School's Facial Recognition System Draws Concerns

School officials in Lockport, N.Y., installed a system intended to spot intruders, but state officials want to know more before it is put into use.

I Stock 147011757

A New York school district has finished installing a facial recognition system intended to spot potentially dangerous intruders, but state officials concerned about privacy say they want to know more before the technology is put into use.

Education Department spokeswoman Emily DeSantis said Monday that department employees plan to meet with Lockport City School officials about the system being tested this week. In the meantime, she said, the district has said it will not use facial recognition software while it checks other components of the system.

The rapidly developing technology has made its way into airports, motor vehicle departments, stores and stadiums, but is so far rare in public schools.

Lockport is preparing to bring its system online as cities elsewhere are considering reining in the technology's use. San Francisco in May became the first U.S. city to ban its use by police and other city departments and Oakland is among others considering similar legislation.

A bill by Democrat Assembly Member Monica Wallace would create a one-year moratorium on the technology's use in New York schools to allow lawmakers time to review it and draft regulations. The legislation is pending.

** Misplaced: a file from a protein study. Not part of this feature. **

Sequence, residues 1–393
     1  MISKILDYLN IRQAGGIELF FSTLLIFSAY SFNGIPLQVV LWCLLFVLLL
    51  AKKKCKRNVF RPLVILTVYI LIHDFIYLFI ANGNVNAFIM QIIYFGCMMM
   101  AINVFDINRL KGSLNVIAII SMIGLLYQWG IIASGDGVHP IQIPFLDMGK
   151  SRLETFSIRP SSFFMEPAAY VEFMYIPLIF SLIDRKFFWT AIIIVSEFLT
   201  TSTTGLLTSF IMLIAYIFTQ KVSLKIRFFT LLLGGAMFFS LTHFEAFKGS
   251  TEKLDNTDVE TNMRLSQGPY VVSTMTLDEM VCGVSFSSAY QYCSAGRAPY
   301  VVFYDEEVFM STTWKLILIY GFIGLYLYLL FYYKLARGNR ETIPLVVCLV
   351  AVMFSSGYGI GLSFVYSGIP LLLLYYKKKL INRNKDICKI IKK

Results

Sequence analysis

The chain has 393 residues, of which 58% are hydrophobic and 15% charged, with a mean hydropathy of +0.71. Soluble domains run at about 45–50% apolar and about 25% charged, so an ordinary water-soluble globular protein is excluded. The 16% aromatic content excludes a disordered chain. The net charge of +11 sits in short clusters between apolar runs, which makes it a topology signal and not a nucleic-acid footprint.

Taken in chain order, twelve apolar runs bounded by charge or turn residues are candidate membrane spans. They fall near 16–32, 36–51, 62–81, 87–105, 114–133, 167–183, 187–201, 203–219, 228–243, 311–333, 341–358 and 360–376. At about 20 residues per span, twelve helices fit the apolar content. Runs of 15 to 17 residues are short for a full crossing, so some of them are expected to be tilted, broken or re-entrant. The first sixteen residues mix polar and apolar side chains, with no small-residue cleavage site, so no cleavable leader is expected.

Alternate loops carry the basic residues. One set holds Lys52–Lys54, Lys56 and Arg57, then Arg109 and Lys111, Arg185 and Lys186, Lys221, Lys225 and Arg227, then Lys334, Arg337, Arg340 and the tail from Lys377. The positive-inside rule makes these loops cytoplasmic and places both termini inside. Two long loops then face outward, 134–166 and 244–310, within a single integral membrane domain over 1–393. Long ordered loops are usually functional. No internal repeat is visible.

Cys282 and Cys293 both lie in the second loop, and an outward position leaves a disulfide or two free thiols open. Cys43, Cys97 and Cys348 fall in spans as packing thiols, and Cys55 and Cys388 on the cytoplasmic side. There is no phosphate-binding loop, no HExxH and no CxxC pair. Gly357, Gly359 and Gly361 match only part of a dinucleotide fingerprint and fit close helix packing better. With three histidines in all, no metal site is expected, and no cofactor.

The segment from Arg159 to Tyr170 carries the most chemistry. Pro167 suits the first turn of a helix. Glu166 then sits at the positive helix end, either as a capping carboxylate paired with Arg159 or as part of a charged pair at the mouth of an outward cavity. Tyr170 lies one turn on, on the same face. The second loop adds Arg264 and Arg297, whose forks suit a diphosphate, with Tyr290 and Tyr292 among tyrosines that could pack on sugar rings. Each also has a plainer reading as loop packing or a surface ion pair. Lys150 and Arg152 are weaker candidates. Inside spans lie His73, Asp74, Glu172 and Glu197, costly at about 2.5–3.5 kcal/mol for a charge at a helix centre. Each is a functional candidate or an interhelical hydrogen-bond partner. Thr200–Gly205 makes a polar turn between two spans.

Lockport Superintendent Michelle Bradley, on the district's website, said the district's initial implementation of the system this week will include adjusting cameras mounted throughout the buildings and training staff members who will monitor them from a room in the high school. The system is expected to be fully online on Sept. 1.

"Much to our dismay, school shootings continue to occur in our country," wrote Bradley who did not respond to email and telephone messages Monday. "In many cases, these shootings involve students connected to the schools where these horrific incidents occur."

The $1.4 million Canadian-made Aegis system, funded through a state technology bond, is designed to enable security officers to quickly respond to the appearance of expelled students, disgruntled employees, sex offenders or certain weapons the system is programmed to detect.

Only students seen as threats will be loaded into the database. Administrators have said it could thwart shootings like the February 2018 attack in which expelled student Nikolas Cruz is charged with killing 17 at Marjory Stoneman Douglas High School in Parkland, Florida.

"This would have identified (Cruz) as not being able to be in that building," Tony Olivo, a security consultant who recommended the system for Lockport, told The Associated Press last year.

Officials said the district is the first in the country to adopt the Aegis system. But the New York Civil Liberties Union said it has no place in schools.

"The Lockport School District has barreled ahead with implementing invasive surveillance technology in its schools with little regard for student privacy and civil rights," education counsel Stefanie Coyle said.

More in IoT